So, you want to assemble a sewing kit for your Italian Peninsula persona? This is a guide to doing so with sources to point you in the right direction for your place and time. Remember, many things were similar on the peninsula but each city was its own autonomous region with its own dialect and terms for the following items. It’s up to you to do further research to determine the nuances of your city.
If you were to assemble a modern sewing kit you’d probably think of scissors, needles, sewing pins, thread, and an awl. Let’s see what pictorial evidence of those in period looks like. Larsdatter has an annotated list of sewing kit links which is a great place to start. In the photo below of sewing kit finds from London at the Victoria & Albert Museum you can see scaps of silk fabric, a silk pouch, snips, two needles, needlecases, and thimbles.
Starting with scissors, there are 14th-century snips (shown above from V&A) or 14th-15th-century scissors like these:
For needles, sewing pins, and thimbles there are 15th-century examples:
And there are 14th-century examples (including this thimble from Novgorod):
There is also this bronze needle circa 1350-1480:
You’ll want to put them in a needlecase. The case can be silver, wood, bone, or leather, like this 14th-century one:
I like to wind my thread on spools. You can use flat ones like these 2-4 notched ones, or cylindrical ones like this circa 1320 fresco of women winding silk thread:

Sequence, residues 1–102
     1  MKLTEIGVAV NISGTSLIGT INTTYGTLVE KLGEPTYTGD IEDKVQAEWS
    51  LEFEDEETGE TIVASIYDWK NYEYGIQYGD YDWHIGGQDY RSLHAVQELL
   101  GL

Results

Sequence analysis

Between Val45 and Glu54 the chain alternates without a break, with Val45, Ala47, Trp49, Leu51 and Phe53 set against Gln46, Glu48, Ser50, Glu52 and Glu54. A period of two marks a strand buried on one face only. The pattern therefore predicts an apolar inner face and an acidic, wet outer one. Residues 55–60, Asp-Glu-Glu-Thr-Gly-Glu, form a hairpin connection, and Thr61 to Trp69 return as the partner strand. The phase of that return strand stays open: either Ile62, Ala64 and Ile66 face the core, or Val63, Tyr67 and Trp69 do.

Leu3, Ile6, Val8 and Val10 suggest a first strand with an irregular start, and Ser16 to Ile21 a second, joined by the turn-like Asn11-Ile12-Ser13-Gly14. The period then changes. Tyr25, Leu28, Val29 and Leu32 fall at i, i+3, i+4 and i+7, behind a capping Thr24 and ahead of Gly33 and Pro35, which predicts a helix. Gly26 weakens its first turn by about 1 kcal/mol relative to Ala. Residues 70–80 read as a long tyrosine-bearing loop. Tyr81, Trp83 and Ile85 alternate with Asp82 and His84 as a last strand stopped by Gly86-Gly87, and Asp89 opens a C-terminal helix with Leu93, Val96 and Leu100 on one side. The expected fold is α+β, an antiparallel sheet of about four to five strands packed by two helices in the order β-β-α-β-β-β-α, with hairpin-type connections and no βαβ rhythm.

The blogger at medievalpurses.blogspot.com put together their kit by purchasing from Gaukler Medieval Wares, Lorifactor of Poland, and Historic Enterprises – all known for making very good historical replicas:
You’d want to put all your sewing supplies in one place. A bentwood box, used across Europe over the past thousand years for storing all manner of things, could be that place. Here are two 15th-century depictions of bentwood boxes holding yarn or thread:
So, your kit could contain all the following that we have historical evidence for:
- Scissors/Snips for trimming threads
- A needle case to keep your needles safe
- General sewing pins
- Thimble or thimble ring
- Thread of wool, flax (linen), and silk
- Thread spool or winders to keep your threads neat and tidy
- A cube of beeswax for waxing thread
- Bone stiletto or metal awl for opening eyelets
Historic Enterprises offers a “Deluxe Kit” with the following:
Below are Mary Rose finds that are bit late for our purposes but I love the similarities.
Beaudry, Mary. Findings: The Material Culture of Needlework and Sewing. Yale University. 2006.
Egan, Geoff. Medieval Household Daily Living 1150-1450. Boydell Press. 2010.
London finds from the Thames River at the Victoria & Albert Museum